Principles of Clandestine Communications


By Steven Barry

Face-to-face meetings, conducted secretly between operational personnel, are known as clandestine meetings. Such meetings are employed frequently in the field; chiefly with regard to management and administrative func­tions.In general, the advantages of clandestine meetings are 1) they save time, 2) they are used as a countermeasure against some forms of eavesdropping, 3) they offer a measure of certainty, and 4) they provide a means of exercising control. The stress and delicacy of secret work make human contact between an agent and his handler imperative, if an operation or organization is to survive and function effectively. The disadvantages of clandestine meetings reflect concerns of security. Participants may be under visual surveillance and the link between them may be discovered by direct or indirect betrayal. Accidental ob­servation is also a consideration, as are snap searches. In cases where something physical is being passed, apprehension of the participants will provide direct evidence of clandestine activity.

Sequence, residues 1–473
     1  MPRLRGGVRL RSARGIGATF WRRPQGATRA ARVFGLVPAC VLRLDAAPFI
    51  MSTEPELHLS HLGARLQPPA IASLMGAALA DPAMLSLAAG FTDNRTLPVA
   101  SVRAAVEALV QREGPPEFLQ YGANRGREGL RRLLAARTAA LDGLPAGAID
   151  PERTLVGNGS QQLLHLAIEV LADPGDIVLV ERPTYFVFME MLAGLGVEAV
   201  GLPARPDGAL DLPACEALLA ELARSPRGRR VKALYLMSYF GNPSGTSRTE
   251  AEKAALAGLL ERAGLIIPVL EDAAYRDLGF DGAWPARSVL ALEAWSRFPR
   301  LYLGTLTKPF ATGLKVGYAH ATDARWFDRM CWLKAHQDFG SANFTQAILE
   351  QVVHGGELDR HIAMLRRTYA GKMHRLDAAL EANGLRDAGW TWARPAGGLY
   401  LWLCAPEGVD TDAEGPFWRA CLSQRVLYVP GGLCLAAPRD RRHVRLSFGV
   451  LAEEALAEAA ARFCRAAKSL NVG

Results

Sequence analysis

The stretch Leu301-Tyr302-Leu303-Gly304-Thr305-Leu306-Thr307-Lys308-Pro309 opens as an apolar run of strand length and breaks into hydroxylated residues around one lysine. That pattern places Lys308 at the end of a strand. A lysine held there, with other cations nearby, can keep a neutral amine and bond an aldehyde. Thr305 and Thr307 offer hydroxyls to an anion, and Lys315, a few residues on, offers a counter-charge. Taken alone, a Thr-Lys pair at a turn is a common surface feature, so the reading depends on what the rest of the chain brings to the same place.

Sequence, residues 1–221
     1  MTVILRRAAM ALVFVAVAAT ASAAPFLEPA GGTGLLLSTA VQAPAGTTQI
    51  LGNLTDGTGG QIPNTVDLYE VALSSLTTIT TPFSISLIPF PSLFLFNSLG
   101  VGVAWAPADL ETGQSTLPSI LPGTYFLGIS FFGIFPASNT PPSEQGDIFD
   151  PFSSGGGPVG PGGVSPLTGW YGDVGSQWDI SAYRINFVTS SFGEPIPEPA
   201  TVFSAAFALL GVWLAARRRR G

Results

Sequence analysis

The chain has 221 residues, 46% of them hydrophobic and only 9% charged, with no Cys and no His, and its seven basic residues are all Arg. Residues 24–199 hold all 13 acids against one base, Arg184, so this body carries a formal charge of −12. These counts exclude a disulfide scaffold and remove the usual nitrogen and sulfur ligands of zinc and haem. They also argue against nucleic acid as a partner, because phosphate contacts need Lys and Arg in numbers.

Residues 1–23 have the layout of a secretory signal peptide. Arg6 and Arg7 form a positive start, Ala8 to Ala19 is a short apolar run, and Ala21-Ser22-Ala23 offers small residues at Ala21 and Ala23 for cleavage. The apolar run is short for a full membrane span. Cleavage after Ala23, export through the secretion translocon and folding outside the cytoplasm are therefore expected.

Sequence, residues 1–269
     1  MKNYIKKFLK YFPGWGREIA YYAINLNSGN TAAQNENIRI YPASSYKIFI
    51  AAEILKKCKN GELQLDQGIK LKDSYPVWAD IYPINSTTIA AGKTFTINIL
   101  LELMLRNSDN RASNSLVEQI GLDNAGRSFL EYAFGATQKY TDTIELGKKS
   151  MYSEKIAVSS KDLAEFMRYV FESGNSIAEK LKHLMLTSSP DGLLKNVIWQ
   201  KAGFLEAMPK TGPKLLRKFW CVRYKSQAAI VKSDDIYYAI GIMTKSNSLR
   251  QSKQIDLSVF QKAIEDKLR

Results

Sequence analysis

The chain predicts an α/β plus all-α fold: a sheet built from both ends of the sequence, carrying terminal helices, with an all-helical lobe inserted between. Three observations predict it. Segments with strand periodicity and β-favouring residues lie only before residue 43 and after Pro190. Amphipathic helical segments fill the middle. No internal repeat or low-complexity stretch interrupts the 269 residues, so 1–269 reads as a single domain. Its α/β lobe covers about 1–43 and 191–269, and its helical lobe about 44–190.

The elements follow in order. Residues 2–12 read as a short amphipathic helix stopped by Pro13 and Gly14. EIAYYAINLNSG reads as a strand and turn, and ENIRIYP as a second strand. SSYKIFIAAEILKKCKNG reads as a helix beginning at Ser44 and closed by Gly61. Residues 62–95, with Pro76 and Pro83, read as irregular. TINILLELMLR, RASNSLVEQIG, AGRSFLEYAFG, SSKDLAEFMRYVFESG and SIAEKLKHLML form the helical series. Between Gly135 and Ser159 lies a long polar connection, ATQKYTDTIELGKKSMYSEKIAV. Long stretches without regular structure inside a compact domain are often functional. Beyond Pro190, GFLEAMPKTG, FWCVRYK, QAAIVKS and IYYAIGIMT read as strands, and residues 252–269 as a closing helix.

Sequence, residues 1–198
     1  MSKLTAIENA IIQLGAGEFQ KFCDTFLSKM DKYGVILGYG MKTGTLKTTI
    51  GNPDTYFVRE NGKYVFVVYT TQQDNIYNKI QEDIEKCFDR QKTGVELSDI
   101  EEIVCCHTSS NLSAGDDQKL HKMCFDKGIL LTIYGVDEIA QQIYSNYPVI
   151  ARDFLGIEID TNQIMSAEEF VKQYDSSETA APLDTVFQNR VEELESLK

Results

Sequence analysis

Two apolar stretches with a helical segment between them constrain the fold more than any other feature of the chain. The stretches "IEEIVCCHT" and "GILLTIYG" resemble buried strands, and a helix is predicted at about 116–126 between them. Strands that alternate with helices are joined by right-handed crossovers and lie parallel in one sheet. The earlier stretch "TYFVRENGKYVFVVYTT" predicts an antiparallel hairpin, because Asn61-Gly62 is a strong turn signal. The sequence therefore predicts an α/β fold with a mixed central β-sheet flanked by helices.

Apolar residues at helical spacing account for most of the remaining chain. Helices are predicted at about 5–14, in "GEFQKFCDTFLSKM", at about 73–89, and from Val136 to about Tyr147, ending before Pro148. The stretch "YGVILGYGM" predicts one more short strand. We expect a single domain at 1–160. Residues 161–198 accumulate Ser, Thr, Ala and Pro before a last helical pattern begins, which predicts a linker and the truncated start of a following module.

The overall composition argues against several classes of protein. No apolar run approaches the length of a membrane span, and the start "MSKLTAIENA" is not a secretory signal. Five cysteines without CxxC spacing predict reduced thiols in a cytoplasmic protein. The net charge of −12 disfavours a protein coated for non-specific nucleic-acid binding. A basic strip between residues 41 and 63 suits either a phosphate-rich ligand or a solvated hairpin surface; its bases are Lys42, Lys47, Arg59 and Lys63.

Clandestine meetings are, for our purposes, divided into four categories: 1) meetings between unacquainted operatives; 2) meetings between acquainted operatives; 3) meetings between operatives and outsiders; 4)silent meetings, or brush contacts.

Meetings between unacquainted operatives require secure prearranged identification signals and special briefing. The general description and distinguishing features of each operative must be established and according to operational necessity known to one or both. The security problems inherent in the meeting must be analyzed. There may be risks in permitting certain operatives the ability to extensively describe others they are to meet.There may be liabilities in deny­ing this knowledge. The description must preclude the possibility of accidental recognition of legitimate parties who just happen to be at the meeting site.


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